09/01/08 03:50 PM
So we have a vice presidential candidate that served as the mayor of a town of less than 10,000 before becoming the Governor of one of the least populated states in the union. What did she have to prove and to whom in order to be offered the job? I don't know the answer to that and you probably don't know either, but guesses are being flung far and wide.
I do know , however, what I had to do to get the job I currently have. After earning an undergraduate degree, I spent four years combined in seminary, chaplaincy training and internship in order to earn a Masters degree in Divinity. I was evaluated each step along the way. My denomination required a battery of psychological tests and ultimately a committee of 12 examined my qualifications, my evaluations, my transcripts and interviewed me. The process is now longer requiring a subcommittee's approval before even entering the process. They now require a professional career assessment as well.
That was just to get into the "guild" and have the stamp of approval from the denomination. To get the job I have now involved a search committee appointed by the congregation. They were trained by the denomination on how to do their task. They spent two years in the process of assessing the congregation as to its wants and dreams in a minister. They prepared a binder the size of a large book with a profile of who they are and who they want to be in partnership with a new minister. They exchanged binders with probably at least two dozen ministers and had telephone interviews with most of them. They then had extended weekend long interviews with eight of us. When they narrowed down their choice, they consulted long lists of references, reports by the ministry office giving track records. Once chosen they hired a company to do a background check, and my guess is they used "the Google," too. I did the same in terms of checking them out as extensively as I could.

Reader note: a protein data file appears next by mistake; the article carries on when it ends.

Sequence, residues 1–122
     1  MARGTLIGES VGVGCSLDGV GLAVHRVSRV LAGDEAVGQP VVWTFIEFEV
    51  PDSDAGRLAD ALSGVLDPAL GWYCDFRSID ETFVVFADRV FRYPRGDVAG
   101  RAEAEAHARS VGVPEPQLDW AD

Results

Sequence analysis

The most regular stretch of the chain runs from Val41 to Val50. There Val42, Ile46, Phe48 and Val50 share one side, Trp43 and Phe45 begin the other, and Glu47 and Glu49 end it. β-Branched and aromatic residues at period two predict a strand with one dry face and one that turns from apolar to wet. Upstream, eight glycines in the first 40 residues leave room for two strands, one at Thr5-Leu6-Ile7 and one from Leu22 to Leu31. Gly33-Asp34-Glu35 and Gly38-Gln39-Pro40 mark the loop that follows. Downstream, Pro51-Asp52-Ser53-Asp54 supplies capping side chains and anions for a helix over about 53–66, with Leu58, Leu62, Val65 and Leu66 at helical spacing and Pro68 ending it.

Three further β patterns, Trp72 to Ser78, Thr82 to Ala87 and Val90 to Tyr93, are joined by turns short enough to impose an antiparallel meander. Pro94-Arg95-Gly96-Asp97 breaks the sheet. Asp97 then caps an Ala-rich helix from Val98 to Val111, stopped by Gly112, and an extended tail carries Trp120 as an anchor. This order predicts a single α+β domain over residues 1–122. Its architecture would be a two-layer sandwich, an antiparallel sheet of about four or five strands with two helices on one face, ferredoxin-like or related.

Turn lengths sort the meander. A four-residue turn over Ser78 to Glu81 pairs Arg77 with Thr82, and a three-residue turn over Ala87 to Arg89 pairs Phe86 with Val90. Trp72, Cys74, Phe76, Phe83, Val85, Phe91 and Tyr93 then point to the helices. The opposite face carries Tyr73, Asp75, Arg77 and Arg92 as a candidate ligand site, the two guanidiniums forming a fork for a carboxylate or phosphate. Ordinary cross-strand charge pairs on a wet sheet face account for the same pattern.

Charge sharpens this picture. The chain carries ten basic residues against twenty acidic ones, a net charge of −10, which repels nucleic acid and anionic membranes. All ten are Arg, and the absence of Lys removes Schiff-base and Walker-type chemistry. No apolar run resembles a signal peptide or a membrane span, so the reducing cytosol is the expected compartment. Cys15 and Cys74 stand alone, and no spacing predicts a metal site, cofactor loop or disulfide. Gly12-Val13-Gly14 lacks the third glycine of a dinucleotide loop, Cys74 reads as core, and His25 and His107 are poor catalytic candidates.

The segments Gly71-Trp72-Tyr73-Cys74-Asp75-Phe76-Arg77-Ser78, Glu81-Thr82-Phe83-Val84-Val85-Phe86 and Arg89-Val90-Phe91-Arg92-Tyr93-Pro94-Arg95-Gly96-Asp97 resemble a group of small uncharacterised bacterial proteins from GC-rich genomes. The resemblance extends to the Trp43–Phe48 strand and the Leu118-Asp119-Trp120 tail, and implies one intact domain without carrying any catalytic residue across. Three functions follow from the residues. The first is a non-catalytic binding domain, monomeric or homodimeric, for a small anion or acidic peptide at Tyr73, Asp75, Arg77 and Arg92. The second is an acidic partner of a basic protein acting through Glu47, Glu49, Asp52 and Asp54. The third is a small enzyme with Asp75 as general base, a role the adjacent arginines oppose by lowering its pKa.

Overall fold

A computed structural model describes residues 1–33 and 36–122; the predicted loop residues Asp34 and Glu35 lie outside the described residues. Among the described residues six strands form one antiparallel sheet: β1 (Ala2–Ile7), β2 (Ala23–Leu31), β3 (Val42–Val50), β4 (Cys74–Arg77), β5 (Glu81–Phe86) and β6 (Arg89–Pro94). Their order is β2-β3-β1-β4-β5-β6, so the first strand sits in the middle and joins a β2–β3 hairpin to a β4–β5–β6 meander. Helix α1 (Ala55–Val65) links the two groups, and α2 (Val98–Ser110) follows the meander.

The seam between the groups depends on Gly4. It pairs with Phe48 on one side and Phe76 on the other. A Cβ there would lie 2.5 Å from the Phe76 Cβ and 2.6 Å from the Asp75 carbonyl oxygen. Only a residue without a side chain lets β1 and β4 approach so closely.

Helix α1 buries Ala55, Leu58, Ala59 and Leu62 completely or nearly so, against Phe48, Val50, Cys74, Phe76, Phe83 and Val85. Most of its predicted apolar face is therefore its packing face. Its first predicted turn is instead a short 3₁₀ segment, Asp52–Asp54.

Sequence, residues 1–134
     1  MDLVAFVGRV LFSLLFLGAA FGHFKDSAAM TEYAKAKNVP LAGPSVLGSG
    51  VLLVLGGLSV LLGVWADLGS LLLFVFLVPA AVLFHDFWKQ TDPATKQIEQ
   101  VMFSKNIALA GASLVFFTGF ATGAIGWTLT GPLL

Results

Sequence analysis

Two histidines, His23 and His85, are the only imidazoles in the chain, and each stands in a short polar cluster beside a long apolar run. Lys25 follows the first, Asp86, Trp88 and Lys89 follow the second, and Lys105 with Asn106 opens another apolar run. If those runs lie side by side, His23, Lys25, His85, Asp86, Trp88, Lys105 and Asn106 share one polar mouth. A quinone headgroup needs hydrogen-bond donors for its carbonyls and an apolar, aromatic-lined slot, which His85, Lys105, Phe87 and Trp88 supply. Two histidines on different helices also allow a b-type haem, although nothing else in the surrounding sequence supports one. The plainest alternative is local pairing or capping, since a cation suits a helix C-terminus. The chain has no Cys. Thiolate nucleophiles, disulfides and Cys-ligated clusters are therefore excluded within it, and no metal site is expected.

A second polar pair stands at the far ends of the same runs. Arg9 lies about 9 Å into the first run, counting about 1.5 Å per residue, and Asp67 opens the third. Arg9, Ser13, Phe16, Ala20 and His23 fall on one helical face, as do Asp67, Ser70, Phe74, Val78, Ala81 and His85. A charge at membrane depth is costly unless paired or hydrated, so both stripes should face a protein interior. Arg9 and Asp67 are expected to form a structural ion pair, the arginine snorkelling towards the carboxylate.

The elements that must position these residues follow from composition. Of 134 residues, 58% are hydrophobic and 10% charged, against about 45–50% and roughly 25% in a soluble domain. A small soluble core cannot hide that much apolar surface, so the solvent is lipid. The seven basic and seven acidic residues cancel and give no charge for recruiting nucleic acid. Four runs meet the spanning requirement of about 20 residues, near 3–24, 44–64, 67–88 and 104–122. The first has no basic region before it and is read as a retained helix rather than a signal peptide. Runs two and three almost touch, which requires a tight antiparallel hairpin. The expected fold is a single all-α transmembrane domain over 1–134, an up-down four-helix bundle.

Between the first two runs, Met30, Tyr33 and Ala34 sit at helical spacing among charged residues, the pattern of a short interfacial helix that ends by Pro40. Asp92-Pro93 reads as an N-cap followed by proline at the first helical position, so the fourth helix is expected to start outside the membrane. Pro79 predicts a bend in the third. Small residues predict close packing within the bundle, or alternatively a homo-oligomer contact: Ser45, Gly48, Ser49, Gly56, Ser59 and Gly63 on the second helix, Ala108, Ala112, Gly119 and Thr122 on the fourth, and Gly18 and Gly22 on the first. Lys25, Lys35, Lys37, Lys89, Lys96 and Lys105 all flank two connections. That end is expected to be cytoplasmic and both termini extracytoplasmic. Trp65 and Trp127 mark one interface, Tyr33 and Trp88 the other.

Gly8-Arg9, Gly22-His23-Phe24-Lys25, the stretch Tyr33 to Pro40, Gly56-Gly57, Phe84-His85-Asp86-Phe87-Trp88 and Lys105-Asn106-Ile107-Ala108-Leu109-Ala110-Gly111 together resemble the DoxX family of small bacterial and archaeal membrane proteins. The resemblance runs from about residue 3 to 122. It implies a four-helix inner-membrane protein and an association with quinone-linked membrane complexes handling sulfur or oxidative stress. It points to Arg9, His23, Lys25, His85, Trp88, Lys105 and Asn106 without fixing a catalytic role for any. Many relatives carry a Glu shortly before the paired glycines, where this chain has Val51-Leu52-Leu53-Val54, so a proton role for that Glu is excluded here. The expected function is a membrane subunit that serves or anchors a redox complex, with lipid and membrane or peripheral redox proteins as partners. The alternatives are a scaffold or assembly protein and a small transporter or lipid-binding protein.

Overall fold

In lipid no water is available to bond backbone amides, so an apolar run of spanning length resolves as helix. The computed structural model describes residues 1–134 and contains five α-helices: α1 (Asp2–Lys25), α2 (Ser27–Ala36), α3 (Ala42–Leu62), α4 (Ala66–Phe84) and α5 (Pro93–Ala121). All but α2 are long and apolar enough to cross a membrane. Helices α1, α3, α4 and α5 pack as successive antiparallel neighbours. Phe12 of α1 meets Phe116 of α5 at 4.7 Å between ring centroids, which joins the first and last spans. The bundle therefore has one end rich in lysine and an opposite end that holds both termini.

We then spent a week together, the congregation and I, in every kind of setting, social as well as business. It was an intense week long interview at the end of which they took a vote as to whether or not to call me as their minister.
This is what I went through to get a job to be the minister to a congregation of about two hundred adults and one hundred children.
You would think that the process of choosing a person who might well ascend to the job of the most powerful person in the world would be at least as rigorous as the process of searching for a person to minister to a congregation of 300 souls.
You would think so, wouldn't you?